Ranongruk may be unaware of even blunter applications of computer code than hers. The Bangkok Post has an algorithm that converts potentially offensive words into

\\ ////

Yes, that’s right. \\ /////. It’s not a typo. I spoke with a moderator at the Bangkok Post who did not want to be named. He told me that the algorithm was initially designed to catch four letter words. With the rising political tension and fear of lèse majesté charges, management added other words but in a haphazard and incomprehensive fashion. We can see from the following example that the instrument does not always work very well:

Privy Council president and Statesman \\ //// Tinsulanonda said he had prayed to Phra Siam Thewathirat – the country’s guardian spirit – and cursed those people with malicious intentions towards the country, wishing them misfortune.

It’s quite clear even to the naïve reader who the statesman in question is. But it is not clear that the comment was at all critical of him. The \\ //// code, as we will see, is applied to other people and entities but it is indiscriminating. It does not, in Minister Ranongruk’s terms, sift out the “bad things” from the “good things”; instead it leads to further confusion and opens up innumerable opportunities for misinterpretation. It catches all statements – those that criticize \\ //// and those that praise \\ ////, such as the following comment from a Bangkok Post blog. This statement was made in a discussion of the red shirt petition to pardon Thaksin:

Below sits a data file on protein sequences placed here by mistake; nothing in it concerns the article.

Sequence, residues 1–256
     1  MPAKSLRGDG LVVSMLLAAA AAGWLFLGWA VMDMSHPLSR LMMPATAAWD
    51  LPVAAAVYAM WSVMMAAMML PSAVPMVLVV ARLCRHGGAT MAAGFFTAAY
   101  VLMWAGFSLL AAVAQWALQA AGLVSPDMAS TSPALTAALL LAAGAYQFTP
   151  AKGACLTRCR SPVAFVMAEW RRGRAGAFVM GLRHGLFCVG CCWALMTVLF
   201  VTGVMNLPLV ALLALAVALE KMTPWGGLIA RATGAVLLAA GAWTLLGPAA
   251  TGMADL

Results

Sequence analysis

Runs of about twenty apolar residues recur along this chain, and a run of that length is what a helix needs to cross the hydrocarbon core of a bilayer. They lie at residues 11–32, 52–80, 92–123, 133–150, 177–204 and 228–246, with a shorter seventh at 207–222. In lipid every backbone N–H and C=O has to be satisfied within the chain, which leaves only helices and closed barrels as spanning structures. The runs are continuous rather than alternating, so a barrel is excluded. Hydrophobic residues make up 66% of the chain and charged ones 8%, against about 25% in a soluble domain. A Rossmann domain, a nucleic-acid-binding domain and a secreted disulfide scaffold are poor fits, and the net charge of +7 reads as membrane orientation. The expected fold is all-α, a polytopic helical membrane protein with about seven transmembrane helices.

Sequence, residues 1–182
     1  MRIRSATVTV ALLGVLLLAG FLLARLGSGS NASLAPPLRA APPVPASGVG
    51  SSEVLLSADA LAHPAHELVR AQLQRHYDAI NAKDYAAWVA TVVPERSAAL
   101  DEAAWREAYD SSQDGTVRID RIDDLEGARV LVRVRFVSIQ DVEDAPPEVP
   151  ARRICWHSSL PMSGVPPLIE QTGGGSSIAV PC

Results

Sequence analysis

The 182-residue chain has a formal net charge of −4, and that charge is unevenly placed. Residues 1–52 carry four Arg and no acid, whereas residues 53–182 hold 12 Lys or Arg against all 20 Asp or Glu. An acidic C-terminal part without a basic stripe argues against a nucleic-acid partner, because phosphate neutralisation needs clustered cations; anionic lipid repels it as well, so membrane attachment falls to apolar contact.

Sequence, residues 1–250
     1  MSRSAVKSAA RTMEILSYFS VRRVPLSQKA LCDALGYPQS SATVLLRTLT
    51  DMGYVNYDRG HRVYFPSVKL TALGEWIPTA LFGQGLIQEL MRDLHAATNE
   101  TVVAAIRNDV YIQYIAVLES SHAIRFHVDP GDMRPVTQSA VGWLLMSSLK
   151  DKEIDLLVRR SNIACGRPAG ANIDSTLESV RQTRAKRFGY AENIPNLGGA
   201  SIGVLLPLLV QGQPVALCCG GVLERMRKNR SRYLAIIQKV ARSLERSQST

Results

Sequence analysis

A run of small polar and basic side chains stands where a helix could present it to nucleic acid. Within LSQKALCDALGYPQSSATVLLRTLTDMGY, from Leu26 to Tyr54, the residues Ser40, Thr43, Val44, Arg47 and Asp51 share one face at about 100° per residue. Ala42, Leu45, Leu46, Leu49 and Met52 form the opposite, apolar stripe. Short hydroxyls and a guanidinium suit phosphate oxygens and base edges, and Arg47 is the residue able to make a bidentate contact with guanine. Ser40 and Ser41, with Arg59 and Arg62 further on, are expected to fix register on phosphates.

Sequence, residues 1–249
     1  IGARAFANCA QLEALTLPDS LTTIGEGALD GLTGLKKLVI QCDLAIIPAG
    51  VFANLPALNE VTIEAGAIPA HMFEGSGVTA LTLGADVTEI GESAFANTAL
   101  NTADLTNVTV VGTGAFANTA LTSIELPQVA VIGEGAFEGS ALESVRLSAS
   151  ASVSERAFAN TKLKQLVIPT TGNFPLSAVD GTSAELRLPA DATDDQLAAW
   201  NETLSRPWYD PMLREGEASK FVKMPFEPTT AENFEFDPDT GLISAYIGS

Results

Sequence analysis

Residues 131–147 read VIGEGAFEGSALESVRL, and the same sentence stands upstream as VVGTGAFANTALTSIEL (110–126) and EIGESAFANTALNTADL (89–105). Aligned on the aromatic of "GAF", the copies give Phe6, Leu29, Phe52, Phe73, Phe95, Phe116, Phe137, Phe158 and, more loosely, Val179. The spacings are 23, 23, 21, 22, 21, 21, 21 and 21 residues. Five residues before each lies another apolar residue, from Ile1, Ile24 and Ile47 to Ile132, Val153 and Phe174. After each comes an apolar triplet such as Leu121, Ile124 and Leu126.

It looks like you may not realize that the only person who is empowered to grant a pardon to any convicted person is \\ ////. This include the petty thieves, purse snatchers or any other common criminals under detention. That is why they’re trying to submit the petition to \\ ////. The pardoning of these criminals is an annual \\ //// undertaking that usually takes place around \\ ////’s birthday. I do not believe it is a deliberate attempt to politicize the institution however obvious the political air is. Honestly, I think they know full well the pardon will probably not happen. I would be very surprise if it does. I honestly do not believe any Thai, UDD or PAD, who knows anything about \\ //// would or could say he doesn’t care regardless whether or not the pardoning happens. His entire life has been about caring for the people of this land. I can’t even begin to count all the projects under his direction that were aimed at making people’s lives better. It is his constitutional restrictions cemented by the military coup all those years ago that prevents him from being able to do even more. There were occasions we’ve witnessed where he said enough is enough.

A naïve reader would have no idea which person it is who has done all these good works because any identifying marks are screened out by this blunt instrument. The only clue we have is the reference to “the institution” something that would also leave the naïve reader puzzled. (I will discuss this term in a future paper.)

And in other cases, for a casual reader interested in learning about Thai history, the device would create problems:

  • 1980 – General \\ //// Tinsulanonda assumes power.
  • 1983 – \\ //// gives up his military position and heads a civilian government. He is re-elected in 1986.
  • 1988 – General Chatichai Choonhaven replaces \\ //// after elections.

And in another message we get this: “Even \\ //// appeared to have been in support of the policy in his ’03 birthday speech.” The informed reader will discern that the two \\ ////s are different people but for those who are not well-informed or are seeking to become more informed or are merely pursuing a casual interest the different identities of \\ //// could become conflated. Does this serve the interests of those who are trying to protect “the institution”?